Yeshivos Reopen as a Second Wave May Hit: Chareidi government officials discuss the situation

By Chaim Friedlander

The yeshivos in Eretz Yisrael had finally begun opening very slowly due to the coronavirus. This past week, the last of the yeshivos reopened and the kol Torah is once again being heard within the batei midrash. But unfortunately, the rising numbers of infected over the last two weeks have the experts warning that we’re “finding ourselves at the beginning of a second wave,” and that is cause for grave concern among the hanhalos of the yeshivos. Yeshivos and kollelim where someone tests positive are temporarily closed until everyone can be tested.
The bachurim from outside of Eretz Yisrael, however, have been impacted more than those living in Eretz Yisrael. After much effort and countless conversations between Interior Minister Rabbi Aryeh Deri and the roshei yeshivah, an agreement was reached to allow those talmidim to begin returning to their yeshivos. The yeshivos prepared quarantine areas on their campuses for them, and some talmidim even purchased airline tickets. However, very few of them managed to return to Eretz Yisrael before Deri changed his decision and instructed that the borders be shut down again: “Due to the worsening of the coronavirus situation in Israel, at this point I am forced, with great pain, to cease the entry of the talmidei hayeshivos who are bachurim.”
The number of positive tests, which has been rising daily in a constant curve over the past two weeks, from the single digits to hundreds, is what forced Deri into this decision. For the moment, even the Interior Ministry can’t answer when the yeshivah bachurim will be allowed to return. All they can say is that it depends on the number of infected; when the curve is flattened again they will be able to re-implement the existing agreement.
When the virus first broke out and the yeshivos were all closed, the talmidim who live outside Eretz Yisrael returned home on the last flights out before the aviation borders were shut down. The borders weren’t shut hermetically, however, and anyone holding Israeli identification papers was able to enter the country. The state even operated flights to bring stranded citizens home from distant locations. But in the chareidi community there are many who don’t have Israeli identification papers, which meant that they were stranded far from their families in Israel. The most striking example is that of avreichim from Mir and Brisk who have been living in Eretz Yisrael without citizenship either because they plan on eventually leaving the country or because they haven’t yet fully committed to living there for the rest of their lives. In Yerushalayim alone there are thousands of avreichim in that position. The situation is similar for chasidishe avreichim who wanted to live near their Rebbes during the first years of their marriage. For various reasons those avreichim who left the country before the coronavirus outbreak haven’t been allowed to return.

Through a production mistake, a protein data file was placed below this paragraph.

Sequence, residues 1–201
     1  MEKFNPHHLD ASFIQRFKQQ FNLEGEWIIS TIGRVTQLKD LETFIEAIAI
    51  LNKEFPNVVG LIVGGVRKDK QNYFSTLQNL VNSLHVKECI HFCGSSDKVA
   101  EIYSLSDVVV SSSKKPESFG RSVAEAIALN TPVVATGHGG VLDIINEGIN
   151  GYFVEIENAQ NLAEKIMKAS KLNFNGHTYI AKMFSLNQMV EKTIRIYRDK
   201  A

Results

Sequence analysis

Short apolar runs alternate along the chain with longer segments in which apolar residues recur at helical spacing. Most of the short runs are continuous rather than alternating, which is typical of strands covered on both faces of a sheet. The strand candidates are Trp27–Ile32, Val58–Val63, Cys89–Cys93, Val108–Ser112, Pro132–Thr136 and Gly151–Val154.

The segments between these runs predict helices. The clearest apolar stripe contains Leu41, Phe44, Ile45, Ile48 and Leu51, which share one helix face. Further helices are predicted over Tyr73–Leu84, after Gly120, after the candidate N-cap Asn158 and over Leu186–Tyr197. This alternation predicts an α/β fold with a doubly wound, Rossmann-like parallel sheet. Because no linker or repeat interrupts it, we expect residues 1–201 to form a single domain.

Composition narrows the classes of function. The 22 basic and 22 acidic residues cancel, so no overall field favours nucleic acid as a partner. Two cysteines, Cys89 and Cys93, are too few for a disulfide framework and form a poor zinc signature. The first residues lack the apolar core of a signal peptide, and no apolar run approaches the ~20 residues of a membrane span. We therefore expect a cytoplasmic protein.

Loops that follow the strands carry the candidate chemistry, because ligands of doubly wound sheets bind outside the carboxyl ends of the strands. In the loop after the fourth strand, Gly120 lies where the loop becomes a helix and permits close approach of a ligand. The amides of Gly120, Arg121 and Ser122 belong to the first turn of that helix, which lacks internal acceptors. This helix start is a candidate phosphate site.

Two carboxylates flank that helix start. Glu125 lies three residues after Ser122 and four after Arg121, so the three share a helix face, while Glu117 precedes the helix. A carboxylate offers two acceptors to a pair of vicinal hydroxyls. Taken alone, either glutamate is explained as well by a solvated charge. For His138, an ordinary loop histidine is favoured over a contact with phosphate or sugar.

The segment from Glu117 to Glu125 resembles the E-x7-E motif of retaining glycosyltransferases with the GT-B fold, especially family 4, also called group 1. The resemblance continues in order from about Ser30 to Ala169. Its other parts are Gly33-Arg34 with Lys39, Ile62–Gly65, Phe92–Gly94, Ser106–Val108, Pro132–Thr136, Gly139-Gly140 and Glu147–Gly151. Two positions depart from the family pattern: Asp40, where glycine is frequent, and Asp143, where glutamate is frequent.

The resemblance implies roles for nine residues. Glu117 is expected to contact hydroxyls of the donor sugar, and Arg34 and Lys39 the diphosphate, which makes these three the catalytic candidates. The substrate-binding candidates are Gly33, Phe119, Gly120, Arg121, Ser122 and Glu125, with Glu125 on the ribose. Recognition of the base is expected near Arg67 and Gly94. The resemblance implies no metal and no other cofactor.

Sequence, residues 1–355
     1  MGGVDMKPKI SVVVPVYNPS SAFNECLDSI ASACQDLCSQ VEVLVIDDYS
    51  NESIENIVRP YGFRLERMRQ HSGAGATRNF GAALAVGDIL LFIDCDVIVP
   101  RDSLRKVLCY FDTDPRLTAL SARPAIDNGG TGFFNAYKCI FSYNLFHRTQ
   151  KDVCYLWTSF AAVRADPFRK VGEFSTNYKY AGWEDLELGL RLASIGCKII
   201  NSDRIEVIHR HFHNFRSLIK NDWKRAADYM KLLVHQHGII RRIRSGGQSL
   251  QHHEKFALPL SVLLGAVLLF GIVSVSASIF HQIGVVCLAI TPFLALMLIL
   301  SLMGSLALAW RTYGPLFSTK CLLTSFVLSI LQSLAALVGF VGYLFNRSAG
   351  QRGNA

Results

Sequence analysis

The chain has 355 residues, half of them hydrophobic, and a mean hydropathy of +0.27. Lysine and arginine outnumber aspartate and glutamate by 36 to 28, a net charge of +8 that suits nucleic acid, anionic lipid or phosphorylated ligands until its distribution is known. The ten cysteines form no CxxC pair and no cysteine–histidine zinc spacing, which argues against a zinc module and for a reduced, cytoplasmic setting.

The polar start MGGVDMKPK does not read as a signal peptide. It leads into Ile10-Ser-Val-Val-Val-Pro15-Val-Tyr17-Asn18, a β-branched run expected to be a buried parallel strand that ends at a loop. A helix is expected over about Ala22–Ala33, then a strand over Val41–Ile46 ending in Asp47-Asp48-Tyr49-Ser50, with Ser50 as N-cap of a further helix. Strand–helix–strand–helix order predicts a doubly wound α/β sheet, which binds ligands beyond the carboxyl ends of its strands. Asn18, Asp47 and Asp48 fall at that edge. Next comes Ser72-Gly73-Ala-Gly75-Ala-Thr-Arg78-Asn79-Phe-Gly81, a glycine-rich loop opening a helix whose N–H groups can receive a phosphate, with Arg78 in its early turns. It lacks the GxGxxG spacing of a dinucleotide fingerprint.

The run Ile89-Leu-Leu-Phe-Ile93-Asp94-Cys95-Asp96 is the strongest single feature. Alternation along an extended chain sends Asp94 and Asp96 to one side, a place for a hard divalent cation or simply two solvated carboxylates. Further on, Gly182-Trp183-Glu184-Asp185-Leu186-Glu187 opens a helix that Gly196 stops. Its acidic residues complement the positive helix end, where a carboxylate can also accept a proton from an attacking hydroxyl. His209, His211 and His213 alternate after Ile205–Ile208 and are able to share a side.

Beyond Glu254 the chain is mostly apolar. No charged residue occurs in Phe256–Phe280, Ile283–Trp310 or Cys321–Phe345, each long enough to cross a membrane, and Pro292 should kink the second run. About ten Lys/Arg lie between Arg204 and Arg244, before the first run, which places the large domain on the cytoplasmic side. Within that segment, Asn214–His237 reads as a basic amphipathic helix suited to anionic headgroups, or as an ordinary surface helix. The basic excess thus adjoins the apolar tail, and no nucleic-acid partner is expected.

Yitzchak Philip, who is the chief of staff for MK Rabbi Yisrael Eichler, has been assisting hundreds of people who are stranded outside of Eretz Yisrael. He tells Ami that before Yom Tov they dealt with hundreds of such cases. “The official reason the Health Ministry gave for not letting them in was that ‘the yeshivos and kollelim are closed anyway, so there’s no reason for you to return.’ That answer might make sense on paper, but we’re talking about people who were stranded outside of the country, far from their family members: families who didn’t have where to go for Pesach, avreichim who were stuck outside of the country, and many more examples. With the summer zman starting and the yeshivos and kollelim starting to go back to normal, we resubmitted many of these requests.” According to Philip, it was the Health Ministry that was uncooperative, while Minister Deri, who along with the National Security Council is responsible for the borders, worked hard to find solutions.

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